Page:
“This factory, and the opportunity to build solar modules and cells in the U.S., was part of why this project made sense,” Straubel said.

 

Tesla’s partner, Panasonic Corp., will make the photovoltaic cells, which look similar to computer chips. Tesla workers will combine the cells into modules that fit into the roof tiles. The tiles will eventually be made in Buffalo as well, along with more traditional solar panels. Panasonic is also working with Tesla at its Gigafactory battery plant in Nevada.

 

Straubel says Tesla eventually hopes to reach 2 gigawatts of cell production annually at the Buffalo plant. That’s higher than its initial target of 1 gigawatt by 2019. Straubel said Tesla has been working on making the factory more efficient.

 

One gigawatt is equivalent to the annual output of a large nuclear or coal-fired power plant, Straubel said, “so it’s like we’re eliminating one of those every single year.”

 

Straubel wouldn’t say how many customers have ordered solar roof tiles, but said demand is strong and it will take Tesla through the end of next year to meet its current orders. Both he and Musk have had the tiles installed on their roofs.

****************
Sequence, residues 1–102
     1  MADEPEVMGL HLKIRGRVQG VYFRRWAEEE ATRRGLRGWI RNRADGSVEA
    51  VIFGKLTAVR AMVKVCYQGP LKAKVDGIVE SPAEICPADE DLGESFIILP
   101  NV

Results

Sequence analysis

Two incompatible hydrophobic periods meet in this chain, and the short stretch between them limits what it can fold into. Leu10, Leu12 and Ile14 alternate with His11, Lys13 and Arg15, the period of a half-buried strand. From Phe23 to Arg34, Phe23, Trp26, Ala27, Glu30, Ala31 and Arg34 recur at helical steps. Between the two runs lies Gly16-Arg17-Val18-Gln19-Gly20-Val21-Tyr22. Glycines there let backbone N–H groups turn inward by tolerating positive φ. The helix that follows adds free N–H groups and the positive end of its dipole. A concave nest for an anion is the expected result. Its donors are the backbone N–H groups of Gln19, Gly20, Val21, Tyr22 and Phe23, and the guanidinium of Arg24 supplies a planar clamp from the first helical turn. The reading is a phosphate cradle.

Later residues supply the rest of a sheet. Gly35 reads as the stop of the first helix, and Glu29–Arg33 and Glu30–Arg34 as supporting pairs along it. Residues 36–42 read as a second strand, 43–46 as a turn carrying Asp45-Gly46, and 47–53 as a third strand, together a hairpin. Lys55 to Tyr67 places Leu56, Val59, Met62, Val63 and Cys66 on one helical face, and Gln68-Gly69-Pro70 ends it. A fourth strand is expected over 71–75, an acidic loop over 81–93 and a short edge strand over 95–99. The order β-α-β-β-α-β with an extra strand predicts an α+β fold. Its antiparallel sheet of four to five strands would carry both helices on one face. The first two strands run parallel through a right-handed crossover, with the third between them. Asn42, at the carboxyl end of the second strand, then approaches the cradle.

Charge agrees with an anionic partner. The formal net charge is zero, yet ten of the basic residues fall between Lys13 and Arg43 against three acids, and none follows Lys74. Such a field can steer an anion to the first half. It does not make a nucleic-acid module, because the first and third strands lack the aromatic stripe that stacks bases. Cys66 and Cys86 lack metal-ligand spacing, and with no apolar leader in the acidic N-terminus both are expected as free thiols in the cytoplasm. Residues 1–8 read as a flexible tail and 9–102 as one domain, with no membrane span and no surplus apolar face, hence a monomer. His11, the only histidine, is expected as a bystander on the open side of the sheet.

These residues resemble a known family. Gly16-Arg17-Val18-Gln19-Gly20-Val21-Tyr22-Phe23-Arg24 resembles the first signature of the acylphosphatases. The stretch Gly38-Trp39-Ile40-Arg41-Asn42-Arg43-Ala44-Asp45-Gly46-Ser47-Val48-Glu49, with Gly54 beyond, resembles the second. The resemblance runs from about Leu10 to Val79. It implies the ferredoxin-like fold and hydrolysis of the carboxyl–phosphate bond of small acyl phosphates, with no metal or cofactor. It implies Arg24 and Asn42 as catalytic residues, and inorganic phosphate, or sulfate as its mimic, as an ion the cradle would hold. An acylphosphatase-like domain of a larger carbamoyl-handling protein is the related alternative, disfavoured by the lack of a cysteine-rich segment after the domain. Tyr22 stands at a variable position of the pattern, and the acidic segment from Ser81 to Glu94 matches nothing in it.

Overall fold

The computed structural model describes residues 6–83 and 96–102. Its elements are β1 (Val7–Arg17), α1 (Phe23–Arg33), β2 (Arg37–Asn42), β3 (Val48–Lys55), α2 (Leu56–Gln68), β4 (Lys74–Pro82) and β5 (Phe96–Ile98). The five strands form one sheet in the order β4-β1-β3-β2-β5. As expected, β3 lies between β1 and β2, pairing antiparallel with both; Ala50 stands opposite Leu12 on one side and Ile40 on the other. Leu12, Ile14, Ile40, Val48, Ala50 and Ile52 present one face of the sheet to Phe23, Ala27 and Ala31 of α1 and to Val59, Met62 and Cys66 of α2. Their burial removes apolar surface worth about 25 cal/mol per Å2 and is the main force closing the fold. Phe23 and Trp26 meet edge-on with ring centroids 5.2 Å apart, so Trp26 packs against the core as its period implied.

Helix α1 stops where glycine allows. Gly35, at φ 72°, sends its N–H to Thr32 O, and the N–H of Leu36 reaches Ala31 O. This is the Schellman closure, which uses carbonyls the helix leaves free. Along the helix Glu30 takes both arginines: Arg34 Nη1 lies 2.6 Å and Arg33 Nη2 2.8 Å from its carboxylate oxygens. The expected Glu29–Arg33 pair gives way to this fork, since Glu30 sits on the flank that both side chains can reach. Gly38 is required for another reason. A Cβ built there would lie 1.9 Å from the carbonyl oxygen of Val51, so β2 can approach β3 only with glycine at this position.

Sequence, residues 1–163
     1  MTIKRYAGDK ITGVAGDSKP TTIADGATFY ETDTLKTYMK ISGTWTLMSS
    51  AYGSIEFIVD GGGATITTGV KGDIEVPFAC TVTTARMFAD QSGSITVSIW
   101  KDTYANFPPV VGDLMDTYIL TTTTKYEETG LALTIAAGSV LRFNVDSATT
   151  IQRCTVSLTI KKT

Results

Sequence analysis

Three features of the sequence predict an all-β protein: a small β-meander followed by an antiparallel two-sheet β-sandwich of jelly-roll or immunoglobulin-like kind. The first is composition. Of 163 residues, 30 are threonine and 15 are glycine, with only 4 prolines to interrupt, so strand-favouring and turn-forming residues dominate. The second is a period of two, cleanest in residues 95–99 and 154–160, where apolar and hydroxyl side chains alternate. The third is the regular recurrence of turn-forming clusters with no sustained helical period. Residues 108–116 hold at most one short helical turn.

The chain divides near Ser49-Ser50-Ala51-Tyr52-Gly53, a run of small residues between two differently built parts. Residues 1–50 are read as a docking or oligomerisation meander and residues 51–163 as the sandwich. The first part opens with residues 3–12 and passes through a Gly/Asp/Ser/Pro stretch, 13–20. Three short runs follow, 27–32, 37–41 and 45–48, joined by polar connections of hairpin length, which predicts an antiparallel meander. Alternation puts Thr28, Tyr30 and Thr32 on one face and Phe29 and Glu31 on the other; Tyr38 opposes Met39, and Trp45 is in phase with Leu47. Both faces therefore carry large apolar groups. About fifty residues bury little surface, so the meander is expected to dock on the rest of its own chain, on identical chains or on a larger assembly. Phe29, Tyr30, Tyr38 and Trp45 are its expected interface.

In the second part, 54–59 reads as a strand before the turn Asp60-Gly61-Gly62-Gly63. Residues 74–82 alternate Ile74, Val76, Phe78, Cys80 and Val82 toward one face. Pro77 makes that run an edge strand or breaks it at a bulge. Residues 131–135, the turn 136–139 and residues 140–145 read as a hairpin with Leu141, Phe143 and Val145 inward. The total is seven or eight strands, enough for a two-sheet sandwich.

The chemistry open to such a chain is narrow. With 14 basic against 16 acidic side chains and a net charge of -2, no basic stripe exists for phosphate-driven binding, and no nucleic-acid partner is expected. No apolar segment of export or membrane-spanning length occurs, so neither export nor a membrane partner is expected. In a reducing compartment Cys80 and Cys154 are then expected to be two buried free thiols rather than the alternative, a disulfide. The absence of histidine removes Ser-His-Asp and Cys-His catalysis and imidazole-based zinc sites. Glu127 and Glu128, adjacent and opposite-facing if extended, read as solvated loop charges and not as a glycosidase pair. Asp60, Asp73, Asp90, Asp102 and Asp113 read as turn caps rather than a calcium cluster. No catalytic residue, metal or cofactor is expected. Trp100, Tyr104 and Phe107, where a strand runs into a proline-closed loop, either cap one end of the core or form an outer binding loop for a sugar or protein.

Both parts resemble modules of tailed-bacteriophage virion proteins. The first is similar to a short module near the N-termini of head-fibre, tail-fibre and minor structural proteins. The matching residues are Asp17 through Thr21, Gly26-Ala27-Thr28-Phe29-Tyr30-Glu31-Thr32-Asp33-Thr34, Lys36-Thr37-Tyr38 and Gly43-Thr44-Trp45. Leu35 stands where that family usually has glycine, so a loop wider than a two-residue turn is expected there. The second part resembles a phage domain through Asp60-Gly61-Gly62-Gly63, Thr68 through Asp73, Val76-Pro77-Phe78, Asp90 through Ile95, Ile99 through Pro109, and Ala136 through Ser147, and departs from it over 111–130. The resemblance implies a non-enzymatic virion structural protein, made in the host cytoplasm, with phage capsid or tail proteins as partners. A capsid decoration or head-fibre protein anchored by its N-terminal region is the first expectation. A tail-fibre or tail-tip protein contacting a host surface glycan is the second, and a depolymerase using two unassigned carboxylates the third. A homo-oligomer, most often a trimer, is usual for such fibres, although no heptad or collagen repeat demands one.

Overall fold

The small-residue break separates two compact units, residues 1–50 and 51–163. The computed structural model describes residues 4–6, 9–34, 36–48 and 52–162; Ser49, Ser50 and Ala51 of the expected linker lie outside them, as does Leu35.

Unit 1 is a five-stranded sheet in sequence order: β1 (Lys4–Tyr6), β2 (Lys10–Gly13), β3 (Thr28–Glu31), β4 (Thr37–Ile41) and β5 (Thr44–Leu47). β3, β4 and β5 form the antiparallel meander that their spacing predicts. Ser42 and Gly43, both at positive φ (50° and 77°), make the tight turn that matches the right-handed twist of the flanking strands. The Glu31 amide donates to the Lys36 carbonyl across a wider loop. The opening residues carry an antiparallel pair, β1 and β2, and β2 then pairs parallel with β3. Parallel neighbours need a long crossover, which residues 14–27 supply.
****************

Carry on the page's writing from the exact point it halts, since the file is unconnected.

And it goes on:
Tesla shares were up less than 1 percent to $355.65 in afternoon trading.

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Del Toro’s ‘The Shape of Water’ Makes Waves in Venice

Guillermo del Toro’s The Shape of Water is an aquatic Beauty and the Beast, a transgressive fairy tale about a young woman’s love for a scaly creature from the Amazonian depths.

Like the best fables, it’s also rooted in the real world: the story of a migrant from the south facing a hostile reception in a security-obsessed United States.

“I think that fantasy is a very political genre,” del Toro said Thursday at the Venice Film Festival, where The Shape of Water had its red-carpet world premiere. It’s one of 21 films competing for the coveted Golden Lion, the festival’s top prize.

“Fairy tales were born in times of great trouble. They were born in times of famine, pestilence and war,” he added.